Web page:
That gave Harry a start. “No, don’t,” he rasped.
“Harry, there are things we all need to hear—”
“Please. Not yet.”
Hermione’s eyes softened. “Alright, Harry,” she sighed. “I won’t. Surely I can tell Ron and Ginny, though, and Neville and Luna?”
“Yeah, that’s okay.”
In Harry’s defence, he really did try to stay awake after Hermione left. He didn’t want to disappoint his friends when they arrived, he knew they wanted reassurance that he was fine. He fought the creeping somnolence valiantly, but it was a doomed effort. His battered body refused to remain conscious, and sleep drifted over him yet again.
“Look, Neville — he’s waking up.”
The first words that entered Harry’s ears when the darkness receded yet again were spoken in a bland, slightly quizzical tone that he only associated with one person. He blinked rapidly, trying to focus. There was no longer light coming in the windows, and he realised that he must have slept most of the day.
Luna was standing to the left of his bed, peering down at him with her wide, silvery eyes. “Are you alright?” she asked.
Harry didn’t feel any better than he had before, but he was more concerned about Luna’s state. “I’m fine. Are you okay? What about Neville?”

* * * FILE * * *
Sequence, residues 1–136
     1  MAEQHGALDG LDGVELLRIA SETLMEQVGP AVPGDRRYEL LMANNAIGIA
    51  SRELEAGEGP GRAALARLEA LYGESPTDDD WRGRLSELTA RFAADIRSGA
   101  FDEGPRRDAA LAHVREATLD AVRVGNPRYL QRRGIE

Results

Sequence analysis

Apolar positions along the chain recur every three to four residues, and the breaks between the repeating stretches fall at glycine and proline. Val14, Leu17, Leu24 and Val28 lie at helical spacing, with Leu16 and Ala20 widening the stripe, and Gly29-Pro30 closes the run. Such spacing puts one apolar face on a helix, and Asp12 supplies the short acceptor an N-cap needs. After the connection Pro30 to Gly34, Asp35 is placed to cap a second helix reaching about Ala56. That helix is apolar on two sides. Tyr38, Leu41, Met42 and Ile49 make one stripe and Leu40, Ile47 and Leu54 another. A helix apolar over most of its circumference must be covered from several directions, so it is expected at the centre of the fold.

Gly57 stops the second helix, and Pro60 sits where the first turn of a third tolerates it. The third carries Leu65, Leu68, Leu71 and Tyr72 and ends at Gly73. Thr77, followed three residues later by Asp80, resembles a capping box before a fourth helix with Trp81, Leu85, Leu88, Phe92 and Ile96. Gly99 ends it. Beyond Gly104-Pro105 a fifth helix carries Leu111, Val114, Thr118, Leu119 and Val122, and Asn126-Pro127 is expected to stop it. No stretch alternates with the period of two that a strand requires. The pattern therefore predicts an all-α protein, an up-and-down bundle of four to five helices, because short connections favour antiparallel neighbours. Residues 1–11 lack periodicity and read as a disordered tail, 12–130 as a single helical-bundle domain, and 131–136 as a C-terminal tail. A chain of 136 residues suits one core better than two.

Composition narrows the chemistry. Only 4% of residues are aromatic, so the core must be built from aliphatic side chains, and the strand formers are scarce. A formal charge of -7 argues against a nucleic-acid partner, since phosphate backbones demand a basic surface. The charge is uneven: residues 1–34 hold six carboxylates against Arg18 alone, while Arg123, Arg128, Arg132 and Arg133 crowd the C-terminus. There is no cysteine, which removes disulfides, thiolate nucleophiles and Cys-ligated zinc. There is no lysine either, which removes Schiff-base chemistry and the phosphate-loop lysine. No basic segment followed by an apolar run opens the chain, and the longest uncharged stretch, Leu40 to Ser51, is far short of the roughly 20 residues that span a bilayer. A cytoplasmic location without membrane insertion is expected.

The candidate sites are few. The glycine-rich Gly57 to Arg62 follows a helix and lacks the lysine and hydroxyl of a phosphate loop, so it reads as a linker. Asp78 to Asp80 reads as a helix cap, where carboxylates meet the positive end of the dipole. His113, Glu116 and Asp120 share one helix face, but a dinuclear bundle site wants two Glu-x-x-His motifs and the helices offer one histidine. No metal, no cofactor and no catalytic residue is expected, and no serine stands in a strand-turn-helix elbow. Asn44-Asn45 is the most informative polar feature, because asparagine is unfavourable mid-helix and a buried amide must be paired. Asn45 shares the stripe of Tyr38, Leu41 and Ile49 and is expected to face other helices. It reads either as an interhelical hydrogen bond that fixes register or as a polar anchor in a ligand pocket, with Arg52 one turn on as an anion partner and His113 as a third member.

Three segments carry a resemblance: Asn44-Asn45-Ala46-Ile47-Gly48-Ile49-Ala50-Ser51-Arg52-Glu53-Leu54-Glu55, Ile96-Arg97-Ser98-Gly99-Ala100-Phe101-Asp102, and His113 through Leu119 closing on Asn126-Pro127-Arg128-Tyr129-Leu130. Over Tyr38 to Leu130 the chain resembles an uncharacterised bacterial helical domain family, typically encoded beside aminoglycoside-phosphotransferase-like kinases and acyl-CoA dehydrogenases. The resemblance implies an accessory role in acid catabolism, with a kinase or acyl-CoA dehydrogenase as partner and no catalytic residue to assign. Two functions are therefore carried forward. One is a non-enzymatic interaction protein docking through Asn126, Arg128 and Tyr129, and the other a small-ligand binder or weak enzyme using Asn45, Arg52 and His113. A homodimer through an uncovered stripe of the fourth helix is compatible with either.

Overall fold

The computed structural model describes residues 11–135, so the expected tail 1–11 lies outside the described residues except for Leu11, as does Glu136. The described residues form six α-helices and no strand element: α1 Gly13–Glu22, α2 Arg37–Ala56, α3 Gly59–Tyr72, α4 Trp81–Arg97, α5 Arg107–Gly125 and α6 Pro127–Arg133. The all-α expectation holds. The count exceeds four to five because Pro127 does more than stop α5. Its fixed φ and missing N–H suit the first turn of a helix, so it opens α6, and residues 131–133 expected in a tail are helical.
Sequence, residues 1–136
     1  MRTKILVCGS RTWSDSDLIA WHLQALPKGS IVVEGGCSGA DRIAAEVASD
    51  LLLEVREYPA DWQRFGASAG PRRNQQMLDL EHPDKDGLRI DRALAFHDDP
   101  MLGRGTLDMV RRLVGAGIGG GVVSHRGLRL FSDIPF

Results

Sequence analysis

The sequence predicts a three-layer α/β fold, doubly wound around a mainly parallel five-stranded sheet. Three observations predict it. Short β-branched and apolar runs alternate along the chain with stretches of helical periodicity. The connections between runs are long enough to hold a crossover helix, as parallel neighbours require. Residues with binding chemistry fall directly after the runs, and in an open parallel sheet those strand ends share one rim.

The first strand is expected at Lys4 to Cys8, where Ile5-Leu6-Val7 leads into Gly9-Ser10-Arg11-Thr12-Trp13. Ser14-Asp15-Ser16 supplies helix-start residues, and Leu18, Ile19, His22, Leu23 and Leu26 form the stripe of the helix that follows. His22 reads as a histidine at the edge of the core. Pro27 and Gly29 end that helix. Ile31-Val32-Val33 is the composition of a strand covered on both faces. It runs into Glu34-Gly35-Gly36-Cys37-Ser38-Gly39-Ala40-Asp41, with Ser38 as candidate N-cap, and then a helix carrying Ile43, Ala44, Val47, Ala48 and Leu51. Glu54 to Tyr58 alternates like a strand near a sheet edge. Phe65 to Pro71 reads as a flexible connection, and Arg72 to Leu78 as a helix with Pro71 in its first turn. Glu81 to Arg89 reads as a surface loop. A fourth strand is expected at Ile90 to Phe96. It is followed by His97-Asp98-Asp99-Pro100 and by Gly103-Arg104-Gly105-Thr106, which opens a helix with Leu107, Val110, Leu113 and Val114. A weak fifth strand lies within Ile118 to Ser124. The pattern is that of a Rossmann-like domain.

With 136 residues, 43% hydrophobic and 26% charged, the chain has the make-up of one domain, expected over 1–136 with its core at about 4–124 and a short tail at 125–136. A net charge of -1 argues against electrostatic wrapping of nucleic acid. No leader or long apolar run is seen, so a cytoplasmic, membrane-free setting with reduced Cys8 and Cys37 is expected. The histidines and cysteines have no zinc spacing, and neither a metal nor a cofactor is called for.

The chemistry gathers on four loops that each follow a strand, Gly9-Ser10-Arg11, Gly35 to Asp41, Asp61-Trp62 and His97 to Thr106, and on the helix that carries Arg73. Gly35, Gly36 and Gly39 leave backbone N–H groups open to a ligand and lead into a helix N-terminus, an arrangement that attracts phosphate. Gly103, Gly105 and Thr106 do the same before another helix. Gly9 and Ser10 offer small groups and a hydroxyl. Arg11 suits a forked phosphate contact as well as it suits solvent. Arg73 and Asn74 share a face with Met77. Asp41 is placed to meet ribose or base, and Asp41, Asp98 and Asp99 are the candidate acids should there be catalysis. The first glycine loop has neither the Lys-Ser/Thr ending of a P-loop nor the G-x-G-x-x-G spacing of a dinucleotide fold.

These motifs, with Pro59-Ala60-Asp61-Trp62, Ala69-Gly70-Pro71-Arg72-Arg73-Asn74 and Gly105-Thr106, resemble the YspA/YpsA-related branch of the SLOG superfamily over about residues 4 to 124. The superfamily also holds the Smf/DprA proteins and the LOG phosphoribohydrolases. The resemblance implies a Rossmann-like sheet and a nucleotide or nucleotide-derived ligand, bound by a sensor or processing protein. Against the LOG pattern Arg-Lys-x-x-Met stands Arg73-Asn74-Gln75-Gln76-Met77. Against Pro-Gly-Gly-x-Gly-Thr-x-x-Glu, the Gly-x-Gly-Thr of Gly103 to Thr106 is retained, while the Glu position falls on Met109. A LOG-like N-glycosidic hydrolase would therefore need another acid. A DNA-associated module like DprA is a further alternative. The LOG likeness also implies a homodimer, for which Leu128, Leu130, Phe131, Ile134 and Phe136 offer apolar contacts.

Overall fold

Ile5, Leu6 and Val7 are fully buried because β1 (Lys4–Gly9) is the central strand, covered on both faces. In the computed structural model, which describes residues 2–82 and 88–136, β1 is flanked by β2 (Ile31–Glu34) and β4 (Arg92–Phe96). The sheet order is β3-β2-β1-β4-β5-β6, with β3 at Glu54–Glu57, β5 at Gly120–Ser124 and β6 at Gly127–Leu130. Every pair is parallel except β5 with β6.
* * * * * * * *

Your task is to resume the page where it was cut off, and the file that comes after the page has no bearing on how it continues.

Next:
“We’re not hurt, Harry.” Neville’s voice came from the right. Without his glasses, Harry hadn’t seen him in the shadows. “Well, not bad, anyway.”
“I have a few bruises, but perhaps that’s not what you were asking?” Luna wondered.
Harry relaxed, pushing his head back into his pillow. “How long have you been here?”
“Maybe a half hour,” Neville answered. “Ginny was with you for most of the day.”
“Sorry. I didn’t mean to fall asleep again.”
“It might have been for the best,” Neville said soberly. He looked slightly nervous, and leaned in closer to Harry. “The Minister was here today, asking after you. I think he wanted to talk to us as well, but McGonagall told him we were still recovering.”